The use of ARQ mechanisms and processes affect multiple layers, i.e. the coding and soft combining/decoding is handled by the physical layer, while the retransmission protocol is handled by a MAC entity located in the base station (NodeB) and a corresponding entity located in the mobile terminal (UE). Typically the ACK/NACK signaling and retransmissions are done per uplink transmission time interval (TTI) basis in FDD (frequency division duplex) domain.

As aforementioned, associated control signaling required for the operation an ARQ scheme consists of downlink and uplink signaling. Downlink signaling consists typically of a single 1-bit acknowledgment/non-acknowledgment (ACK/NACK) information per (uplink) transmission time interval (TTI) in frequency division duplex (FDD) domain from the base station (NodeB) to the mobile terminal (UE). A well-defined processing time from the reception of a transport block such as transport frame at the base station (NodeB) to the transmission of the acknowledgment/non-acknowledgment signaling message (ACK/NACK) in the downlink is usually used in order to avoid explicit signaling of the ARQ process number along with the acknowledgment/non-acknowledgment signaling (ACK/NACK). The information needed by mobile terminal (UE) necessary to operate the ARQ scheme/mechanism is either explicitly signaled by the base station (NodeB), or decided by the mobile terminal (UE) itself, depending on the mechanism/scheme employed.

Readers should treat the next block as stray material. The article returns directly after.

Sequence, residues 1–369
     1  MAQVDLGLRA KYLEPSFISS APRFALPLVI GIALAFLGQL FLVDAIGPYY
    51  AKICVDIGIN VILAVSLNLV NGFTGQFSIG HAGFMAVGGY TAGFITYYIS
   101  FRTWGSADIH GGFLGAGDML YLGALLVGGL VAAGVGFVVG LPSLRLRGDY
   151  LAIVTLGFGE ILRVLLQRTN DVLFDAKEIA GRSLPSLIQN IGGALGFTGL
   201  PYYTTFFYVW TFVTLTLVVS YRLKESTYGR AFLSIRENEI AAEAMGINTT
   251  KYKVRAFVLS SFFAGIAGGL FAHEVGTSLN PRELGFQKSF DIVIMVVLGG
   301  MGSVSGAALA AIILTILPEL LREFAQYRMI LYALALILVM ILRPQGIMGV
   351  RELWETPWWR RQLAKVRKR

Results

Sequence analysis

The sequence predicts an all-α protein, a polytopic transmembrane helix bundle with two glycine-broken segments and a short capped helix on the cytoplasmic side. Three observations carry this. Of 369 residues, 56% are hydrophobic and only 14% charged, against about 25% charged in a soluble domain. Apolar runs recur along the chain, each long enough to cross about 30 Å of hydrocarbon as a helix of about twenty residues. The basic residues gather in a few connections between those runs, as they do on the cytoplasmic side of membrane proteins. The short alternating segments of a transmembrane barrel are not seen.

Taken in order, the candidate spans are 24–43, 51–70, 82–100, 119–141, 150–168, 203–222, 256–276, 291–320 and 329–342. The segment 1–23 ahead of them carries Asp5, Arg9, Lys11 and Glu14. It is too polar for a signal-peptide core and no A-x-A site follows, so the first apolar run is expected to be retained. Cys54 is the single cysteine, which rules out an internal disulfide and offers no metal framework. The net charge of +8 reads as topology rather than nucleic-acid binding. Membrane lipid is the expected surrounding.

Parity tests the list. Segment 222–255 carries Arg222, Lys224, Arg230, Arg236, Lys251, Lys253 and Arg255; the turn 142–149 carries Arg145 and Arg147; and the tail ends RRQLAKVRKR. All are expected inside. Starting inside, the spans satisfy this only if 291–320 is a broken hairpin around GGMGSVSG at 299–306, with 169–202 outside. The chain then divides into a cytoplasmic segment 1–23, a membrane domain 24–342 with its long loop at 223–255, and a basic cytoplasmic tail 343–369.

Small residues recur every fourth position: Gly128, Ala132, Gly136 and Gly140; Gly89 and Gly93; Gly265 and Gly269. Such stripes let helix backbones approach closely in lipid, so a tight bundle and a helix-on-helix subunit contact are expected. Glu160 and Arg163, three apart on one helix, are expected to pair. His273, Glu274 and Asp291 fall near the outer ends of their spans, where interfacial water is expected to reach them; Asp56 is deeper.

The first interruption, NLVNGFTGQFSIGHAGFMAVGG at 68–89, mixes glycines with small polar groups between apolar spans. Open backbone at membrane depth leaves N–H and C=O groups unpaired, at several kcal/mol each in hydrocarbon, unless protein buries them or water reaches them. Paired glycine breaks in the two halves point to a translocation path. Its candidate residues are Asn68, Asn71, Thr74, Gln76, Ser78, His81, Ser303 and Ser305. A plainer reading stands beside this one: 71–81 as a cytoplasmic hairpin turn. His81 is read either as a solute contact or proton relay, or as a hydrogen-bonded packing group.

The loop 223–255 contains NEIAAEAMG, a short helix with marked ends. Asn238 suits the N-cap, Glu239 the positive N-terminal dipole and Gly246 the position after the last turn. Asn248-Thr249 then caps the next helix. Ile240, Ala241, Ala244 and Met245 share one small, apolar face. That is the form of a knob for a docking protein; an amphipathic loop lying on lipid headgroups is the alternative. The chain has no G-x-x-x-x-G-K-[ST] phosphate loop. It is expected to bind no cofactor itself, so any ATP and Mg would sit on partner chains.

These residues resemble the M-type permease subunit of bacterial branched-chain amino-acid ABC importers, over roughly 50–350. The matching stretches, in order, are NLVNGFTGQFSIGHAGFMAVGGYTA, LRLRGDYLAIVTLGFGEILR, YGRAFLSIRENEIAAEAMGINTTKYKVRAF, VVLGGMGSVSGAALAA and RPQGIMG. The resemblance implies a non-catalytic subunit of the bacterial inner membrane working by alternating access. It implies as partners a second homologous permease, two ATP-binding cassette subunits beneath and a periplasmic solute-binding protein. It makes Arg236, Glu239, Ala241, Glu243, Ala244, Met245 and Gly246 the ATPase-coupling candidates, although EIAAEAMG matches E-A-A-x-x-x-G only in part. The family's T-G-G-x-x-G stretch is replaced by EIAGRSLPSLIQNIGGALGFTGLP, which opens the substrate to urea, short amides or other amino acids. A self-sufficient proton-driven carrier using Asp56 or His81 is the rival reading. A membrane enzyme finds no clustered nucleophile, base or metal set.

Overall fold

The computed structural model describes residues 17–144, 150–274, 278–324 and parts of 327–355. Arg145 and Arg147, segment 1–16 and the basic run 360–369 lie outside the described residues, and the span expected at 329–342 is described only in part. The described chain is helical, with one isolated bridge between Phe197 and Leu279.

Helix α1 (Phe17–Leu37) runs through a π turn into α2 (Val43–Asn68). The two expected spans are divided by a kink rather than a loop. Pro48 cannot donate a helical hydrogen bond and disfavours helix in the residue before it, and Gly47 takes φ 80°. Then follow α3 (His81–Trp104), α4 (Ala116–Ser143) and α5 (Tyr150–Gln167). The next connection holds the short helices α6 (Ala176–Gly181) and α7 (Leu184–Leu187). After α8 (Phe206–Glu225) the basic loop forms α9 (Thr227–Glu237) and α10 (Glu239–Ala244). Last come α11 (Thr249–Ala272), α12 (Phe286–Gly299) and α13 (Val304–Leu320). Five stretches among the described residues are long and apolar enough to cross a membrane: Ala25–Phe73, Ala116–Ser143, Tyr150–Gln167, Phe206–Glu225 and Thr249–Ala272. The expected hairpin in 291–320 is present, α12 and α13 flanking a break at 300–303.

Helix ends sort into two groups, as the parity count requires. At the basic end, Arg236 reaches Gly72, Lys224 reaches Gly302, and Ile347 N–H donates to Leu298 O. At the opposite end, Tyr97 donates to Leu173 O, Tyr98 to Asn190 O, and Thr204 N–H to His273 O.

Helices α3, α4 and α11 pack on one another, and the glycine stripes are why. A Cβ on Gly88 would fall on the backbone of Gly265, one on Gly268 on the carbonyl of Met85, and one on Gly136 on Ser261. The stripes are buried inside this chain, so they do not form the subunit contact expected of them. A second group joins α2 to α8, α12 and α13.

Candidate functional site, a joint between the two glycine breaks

The operation of an enhanced uplink packet access (EUPA) in the frequency division duplex (FDD) domain via the dedicated channel (DCH) requires some adapted signaling in downlink direction. There are some basic requirements for the physical channel structure for Layer 1 (L1) signaling in downlink, which in particular should be independent from downlink operation, in particular HS-DSCH operation. The basic requirements further comprises a low delays a reliable signaling reliability and low overhead and acceptable signaling peak power and average power requirements in the downlink direction.